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Southend University Hospital’s Macmillan Centre celebrates its first anniversary

18 March 2015

Health Care

Tuesday 17 March 2015 marked the first anniversary of the Macmillan Information & Support Centre at Southend University Hospital.

Service users, volunteers and hospital staff attended a celebratory party at the centre which has helped almost 7,000 people in its first year since opening to the public in March 2014.

Amongst the guests was Janet Egelton from Hockley, who admits she couldn't have got through her cancer treatment without the help of the centre: "I was diagnosed with breast cancer last year and I managed for a couple of months on my own and then I felt the treatment wasn't going as good as it could do and I was getting frightened about the upcoming chemo.  It was just the unknown really.  I couldn't have got through it without the help of the Macmillan Centre. They are always here and I visit at least once a week just for a chat whether I'm feeling good or bad. It's just nice to talk to someone who understands - not just the staff and volunteers but other people going through the same thing as me."

The £650,000 purpose-built centre, jointly funded by Macmillan and Southend Hospital Charity, includes a private quiet room where patients and/or families can relax and talk to healthcare professionals, a health and wellbeing room, a relaxing courtyard and a large activity room for health and wellbeing clinics, support group meetings, cancer awareness events and more.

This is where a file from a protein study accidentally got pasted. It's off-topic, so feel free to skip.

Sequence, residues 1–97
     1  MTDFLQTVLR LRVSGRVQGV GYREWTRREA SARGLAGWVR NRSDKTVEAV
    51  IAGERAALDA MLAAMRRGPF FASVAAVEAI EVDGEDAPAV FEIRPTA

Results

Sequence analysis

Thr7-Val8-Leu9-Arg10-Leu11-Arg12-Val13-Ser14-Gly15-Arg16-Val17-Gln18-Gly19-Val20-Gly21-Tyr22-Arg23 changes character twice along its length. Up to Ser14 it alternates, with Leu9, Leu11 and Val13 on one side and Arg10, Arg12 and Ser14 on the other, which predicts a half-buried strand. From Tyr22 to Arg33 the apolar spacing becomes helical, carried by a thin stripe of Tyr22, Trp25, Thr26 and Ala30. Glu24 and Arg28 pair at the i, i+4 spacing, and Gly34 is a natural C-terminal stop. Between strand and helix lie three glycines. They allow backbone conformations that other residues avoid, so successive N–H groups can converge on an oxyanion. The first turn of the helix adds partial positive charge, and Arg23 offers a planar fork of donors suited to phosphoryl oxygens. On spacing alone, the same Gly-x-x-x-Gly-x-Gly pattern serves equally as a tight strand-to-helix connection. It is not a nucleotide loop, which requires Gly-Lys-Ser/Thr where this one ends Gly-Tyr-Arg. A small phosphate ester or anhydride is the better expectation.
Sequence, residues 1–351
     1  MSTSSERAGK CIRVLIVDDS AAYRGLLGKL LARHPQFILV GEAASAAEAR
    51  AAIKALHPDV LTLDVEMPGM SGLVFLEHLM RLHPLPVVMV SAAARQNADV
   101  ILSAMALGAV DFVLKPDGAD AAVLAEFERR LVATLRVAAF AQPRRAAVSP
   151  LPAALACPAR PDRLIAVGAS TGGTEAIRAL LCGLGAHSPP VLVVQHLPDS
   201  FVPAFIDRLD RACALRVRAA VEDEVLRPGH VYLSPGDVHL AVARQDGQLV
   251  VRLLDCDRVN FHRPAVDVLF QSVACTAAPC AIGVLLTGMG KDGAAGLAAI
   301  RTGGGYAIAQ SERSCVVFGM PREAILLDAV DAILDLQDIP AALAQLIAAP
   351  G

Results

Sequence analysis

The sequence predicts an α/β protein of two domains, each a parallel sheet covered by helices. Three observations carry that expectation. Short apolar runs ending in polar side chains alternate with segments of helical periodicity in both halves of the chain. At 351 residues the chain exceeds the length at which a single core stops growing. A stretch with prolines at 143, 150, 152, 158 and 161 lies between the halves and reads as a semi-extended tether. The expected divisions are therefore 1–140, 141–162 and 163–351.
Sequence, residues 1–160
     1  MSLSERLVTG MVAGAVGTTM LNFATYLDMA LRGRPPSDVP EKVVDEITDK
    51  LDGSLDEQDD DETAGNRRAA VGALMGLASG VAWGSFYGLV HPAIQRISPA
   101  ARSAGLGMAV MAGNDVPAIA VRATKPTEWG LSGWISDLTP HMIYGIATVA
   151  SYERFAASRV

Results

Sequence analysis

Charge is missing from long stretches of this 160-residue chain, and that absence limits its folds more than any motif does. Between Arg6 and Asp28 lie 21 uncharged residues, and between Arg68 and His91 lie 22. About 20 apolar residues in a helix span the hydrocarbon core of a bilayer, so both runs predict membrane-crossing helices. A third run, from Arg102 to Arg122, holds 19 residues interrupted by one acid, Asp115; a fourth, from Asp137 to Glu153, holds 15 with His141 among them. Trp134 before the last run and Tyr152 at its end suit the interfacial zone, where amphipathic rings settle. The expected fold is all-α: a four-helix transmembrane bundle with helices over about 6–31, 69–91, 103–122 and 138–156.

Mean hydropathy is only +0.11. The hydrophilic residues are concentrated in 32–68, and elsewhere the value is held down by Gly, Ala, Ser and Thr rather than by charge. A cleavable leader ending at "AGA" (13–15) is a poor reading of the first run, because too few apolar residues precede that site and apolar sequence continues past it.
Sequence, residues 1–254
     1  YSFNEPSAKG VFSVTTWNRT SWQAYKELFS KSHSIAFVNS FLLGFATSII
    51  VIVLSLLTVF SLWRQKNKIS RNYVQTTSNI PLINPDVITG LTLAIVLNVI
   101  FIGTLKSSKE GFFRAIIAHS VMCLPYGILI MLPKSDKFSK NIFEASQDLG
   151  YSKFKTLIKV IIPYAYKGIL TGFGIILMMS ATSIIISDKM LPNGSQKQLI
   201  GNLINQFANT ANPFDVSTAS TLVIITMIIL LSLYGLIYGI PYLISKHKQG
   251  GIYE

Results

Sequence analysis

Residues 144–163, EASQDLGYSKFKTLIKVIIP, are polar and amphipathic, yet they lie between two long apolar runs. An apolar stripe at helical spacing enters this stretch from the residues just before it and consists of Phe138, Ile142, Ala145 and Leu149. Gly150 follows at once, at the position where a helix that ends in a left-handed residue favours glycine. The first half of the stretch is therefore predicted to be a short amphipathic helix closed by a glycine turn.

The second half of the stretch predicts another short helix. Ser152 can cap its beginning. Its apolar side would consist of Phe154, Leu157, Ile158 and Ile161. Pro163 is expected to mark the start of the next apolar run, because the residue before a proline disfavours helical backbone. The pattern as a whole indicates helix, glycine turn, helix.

Overseeing the management of the centre and the celebrations is Macmillan Centre manager, Friederike (Fred) Englund, who is delighted with how the first year has gone: "We've been able to help almost 7,000 people in our first year. This proves the importance of the centre and that it is very much needed. I am very privileged to be working with a very dedicated, creative and hardworking team of two nurses and 28 volunteers."

Also celebrating on the day was Una Melbourne from Southend-on-Sea who was initially in denial about needing any help: "I was diagnosed with endometrial cancer and had an operation in May. When Macmillan nurses first offered their help I had the attitude of 'I'm too strong for that, I don't need any help'. But a few months later, going through the chemo I met with those same nurses and thought perhaps I do need some help after all.  I ended up doing a Hope course here at the centre and it was fantastic. Staff in the centre are always available to talk to about your fears, good or bad days, it doesn't matter, they are always happy to see you and support you in every way." 

The centre wouldn't be able to operate as effectively without the help of the 28 volunteers and one volunteer, Roger Bassett, has been involved right from the start, from getting the building made to supporting many visitors since it opened a year ago: "The centre has made an enormous difference to the people coming in here, said Roger. "It's great to see so many patients at today's anniversary celebrations as it shows they appreciate what we've done. It shows we are helping and it really justifies the expense of creating the centre. We want to expand on our activities and already have a lot more things on the go like talks on radiotherapy, coffee mornings, look good feel better sessions, the wig service. We just want to build on that and provide as many services as we can."

IMAGE:  Janet Egelton (Service user), Roger Bassett (volunteer), Una Melbourne (service user).